“Direct lending has proved to be nimble, flexible and creative, not only in the face of significant market disruptions caused by the pandemic, but also when the markets recover.”
— Karan Chopra, Private Debt Investor Journal
With higher inflation predicted, it is unsurprising that the U.S. Fed is continuing to raise rates, with cost of goods pressures becoming ever more apparent — mainly in consumer-focused companies. In July however, in the US, investors breathed a sigh of relief as it offers a glimmer of hope that inflation may have peaked and consequently the rate of FED hikes may abate somewhat. Although inflation figures may have plateaued, they remain stubbornly high and further interest rate hikes in the near term are expected. The FED has already embarked on the most aggressive campaign to raise interest rates since 1981 and is expected to take further action throughout at least the second half of 2022. Central banks across advanced and emerging economies have followed suit, grappling with their own inflation surges exacerbated by Russia’s invasion of Ukraine.
Inflation expectations over a one- and three-year period have declined during July, based on the New York FED’s survey of consumer expectations. While this news is welcoming, we are not out of the woods yet — an August poll of Economists by Reuters showed that 50% believe the US will enter a recession within the next year. Moreover, inflation may rear its head once again as we go into the winter months in the northern hemisphere and energy demands increase. Powell has also indicated that future rate hikes will likely continue at an aggressive pace as the “overarching focus right now is to bring inflation back down”. The ECB is still seeking to strike a balance between tackling surging inflation and limiting the hit to the eurozone from higher energy prices. The CEO of Norway’s oil fund has cautioned investors that “Markets don’t go down in a straight line and I’m worried that we can have tough times for an extended period. There is a risk that we haven’t seen the worst yet.”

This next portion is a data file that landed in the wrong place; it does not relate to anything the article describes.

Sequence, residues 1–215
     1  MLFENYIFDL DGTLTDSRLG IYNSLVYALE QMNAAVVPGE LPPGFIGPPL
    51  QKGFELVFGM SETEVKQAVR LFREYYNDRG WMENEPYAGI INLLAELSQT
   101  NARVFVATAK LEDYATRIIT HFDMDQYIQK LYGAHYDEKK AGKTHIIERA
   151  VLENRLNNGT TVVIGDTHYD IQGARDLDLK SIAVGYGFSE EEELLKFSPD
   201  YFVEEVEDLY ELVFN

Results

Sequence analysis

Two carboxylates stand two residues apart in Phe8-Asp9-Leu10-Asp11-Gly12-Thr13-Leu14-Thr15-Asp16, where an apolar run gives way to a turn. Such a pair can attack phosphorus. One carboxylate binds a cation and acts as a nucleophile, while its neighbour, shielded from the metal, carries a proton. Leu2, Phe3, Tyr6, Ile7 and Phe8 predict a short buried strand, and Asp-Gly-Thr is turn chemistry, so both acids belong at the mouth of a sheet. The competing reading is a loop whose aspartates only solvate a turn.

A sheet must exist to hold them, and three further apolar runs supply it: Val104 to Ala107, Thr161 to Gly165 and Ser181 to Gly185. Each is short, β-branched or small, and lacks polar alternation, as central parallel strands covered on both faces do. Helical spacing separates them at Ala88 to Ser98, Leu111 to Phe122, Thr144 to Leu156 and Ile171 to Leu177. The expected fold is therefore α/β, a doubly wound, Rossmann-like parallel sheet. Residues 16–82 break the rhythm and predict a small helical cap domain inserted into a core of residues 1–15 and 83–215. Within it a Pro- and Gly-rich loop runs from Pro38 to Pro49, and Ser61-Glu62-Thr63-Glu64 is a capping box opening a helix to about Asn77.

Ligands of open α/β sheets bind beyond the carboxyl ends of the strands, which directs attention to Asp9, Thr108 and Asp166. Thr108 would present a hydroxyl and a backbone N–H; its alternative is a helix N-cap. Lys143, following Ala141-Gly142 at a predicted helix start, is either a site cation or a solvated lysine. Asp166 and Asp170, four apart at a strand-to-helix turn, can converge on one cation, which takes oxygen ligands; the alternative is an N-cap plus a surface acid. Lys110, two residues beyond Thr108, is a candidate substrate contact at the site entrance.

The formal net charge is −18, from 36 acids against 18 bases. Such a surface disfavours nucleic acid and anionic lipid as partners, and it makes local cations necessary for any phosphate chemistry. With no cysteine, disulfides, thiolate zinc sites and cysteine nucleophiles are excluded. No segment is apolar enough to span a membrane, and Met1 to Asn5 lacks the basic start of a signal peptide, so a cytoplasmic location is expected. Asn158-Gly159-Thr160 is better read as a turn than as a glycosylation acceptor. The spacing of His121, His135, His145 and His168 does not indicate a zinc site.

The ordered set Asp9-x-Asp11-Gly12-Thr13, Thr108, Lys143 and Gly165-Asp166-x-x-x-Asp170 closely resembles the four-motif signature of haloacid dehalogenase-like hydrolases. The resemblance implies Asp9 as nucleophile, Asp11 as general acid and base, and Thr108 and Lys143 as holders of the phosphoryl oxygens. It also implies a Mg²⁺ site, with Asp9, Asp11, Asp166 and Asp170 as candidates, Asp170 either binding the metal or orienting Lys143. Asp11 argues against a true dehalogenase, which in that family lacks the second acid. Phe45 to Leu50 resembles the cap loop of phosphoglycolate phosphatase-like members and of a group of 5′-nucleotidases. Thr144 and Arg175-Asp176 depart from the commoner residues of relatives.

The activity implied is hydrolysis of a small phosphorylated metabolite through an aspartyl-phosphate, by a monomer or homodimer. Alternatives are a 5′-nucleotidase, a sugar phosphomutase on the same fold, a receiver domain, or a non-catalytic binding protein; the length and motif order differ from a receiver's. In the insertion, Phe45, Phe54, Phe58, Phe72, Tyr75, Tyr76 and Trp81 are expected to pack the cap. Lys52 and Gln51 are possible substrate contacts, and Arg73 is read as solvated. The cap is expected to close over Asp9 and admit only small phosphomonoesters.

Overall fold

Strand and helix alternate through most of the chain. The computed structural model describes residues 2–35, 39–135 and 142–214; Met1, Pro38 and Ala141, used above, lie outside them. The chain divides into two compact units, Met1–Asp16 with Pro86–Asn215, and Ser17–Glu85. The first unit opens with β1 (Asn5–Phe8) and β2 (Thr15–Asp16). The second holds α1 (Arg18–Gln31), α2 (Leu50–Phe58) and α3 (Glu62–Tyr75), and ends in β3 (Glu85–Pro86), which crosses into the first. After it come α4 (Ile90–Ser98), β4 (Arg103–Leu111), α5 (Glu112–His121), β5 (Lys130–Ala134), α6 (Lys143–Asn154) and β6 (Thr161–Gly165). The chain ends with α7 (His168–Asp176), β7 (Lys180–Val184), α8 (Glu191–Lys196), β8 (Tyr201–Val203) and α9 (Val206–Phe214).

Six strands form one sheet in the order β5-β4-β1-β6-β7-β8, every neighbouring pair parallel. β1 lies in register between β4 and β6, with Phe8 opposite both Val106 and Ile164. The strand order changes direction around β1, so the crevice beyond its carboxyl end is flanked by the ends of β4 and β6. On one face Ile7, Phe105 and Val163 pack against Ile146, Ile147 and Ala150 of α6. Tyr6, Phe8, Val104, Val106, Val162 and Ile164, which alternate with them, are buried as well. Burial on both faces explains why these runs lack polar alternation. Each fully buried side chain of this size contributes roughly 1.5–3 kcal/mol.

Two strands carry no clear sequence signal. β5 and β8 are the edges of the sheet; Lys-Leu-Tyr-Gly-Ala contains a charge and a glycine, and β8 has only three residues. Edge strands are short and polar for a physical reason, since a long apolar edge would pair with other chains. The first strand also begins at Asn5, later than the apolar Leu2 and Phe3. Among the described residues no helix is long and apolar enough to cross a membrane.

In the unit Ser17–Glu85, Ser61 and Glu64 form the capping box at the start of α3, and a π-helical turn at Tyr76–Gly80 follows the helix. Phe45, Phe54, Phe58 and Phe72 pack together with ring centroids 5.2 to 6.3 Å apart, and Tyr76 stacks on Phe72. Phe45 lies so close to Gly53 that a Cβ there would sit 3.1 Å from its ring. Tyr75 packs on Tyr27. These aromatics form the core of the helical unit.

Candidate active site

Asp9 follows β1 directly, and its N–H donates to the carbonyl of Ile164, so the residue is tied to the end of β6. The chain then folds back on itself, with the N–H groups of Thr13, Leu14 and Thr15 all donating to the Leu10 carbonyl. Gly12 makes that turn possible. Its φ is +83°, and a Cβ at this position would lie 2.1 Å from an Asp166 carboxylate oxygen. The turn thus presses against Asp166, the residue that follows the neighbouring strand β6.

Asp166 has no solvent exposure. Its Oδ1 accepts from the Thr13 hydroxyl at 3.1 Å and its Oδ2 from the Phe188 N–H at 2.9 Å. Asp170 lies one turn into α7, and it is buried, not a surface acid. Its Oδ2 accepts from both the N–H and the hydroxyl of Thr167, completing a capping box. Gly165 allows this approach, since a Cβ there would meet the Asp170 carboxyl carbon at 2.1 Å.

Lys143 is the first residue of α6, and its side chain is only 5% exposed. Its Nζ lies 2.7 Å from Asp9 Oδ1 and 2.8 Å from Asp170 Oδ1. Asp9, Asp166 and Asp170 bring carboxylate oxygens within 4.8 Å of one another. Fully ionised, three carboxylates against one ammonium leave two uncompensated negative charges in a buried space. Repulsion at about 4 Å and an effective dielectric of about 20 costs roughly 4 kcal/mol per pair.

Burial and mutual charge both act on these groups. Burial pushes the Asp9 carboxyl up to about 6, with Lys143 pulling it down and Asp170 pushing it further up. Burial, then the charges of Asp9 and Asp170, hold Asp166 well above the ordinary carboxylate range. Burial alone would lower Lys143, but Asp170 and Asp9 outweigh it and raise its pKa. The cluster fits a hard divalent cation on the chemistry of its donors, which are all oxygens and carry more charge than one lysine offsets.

While the US economy is at the forefront of everyone’s mind, it is important not to forget about developing economies in these turbulent times. Driven by increasing rates in the US and with the visceral images from the Sri Lankan default, investors seem to have quickly soured on Emerging Markets with the IIF reporting net outflows of $10.5bn in July and $38bn in total over a 5-month period ending July. This broad-based retreat from the developing world is opening up opportunities for risk astute debt funders to improve the risk/return profile of investments in markets that have been shunned due to association and not necessarily macroeconomic fundamentals. Moreover, it has put our mission of supporting SMEs into sharp focus once more. As fair-weather funders leave small businesses high and dry, our funding is proving essential to allow them to continue operating successfully.
In AGC news, we are delighted to announce that we have opened a new office space in Cape Town, South Africa. We have 4 of our employees based there, with a 5th to be added in the coming weeks. The location will also serve as a good base of operations as we extend our reach in the Sub-Saharan African region and beyond.
At the heart of AGC is staying true to our mission of providing liquidity to SMEs and providing a stable return to our investors. Supporting the working capital needs of SMEs is particularly needed in times of stress and we are observing a much higher demand for working capital solutions from the businesses we support.
For further information, please contact Sudha Bharadia, Co-CEO and Chief Marketing, Investor Relations and People Officer at email@example.com.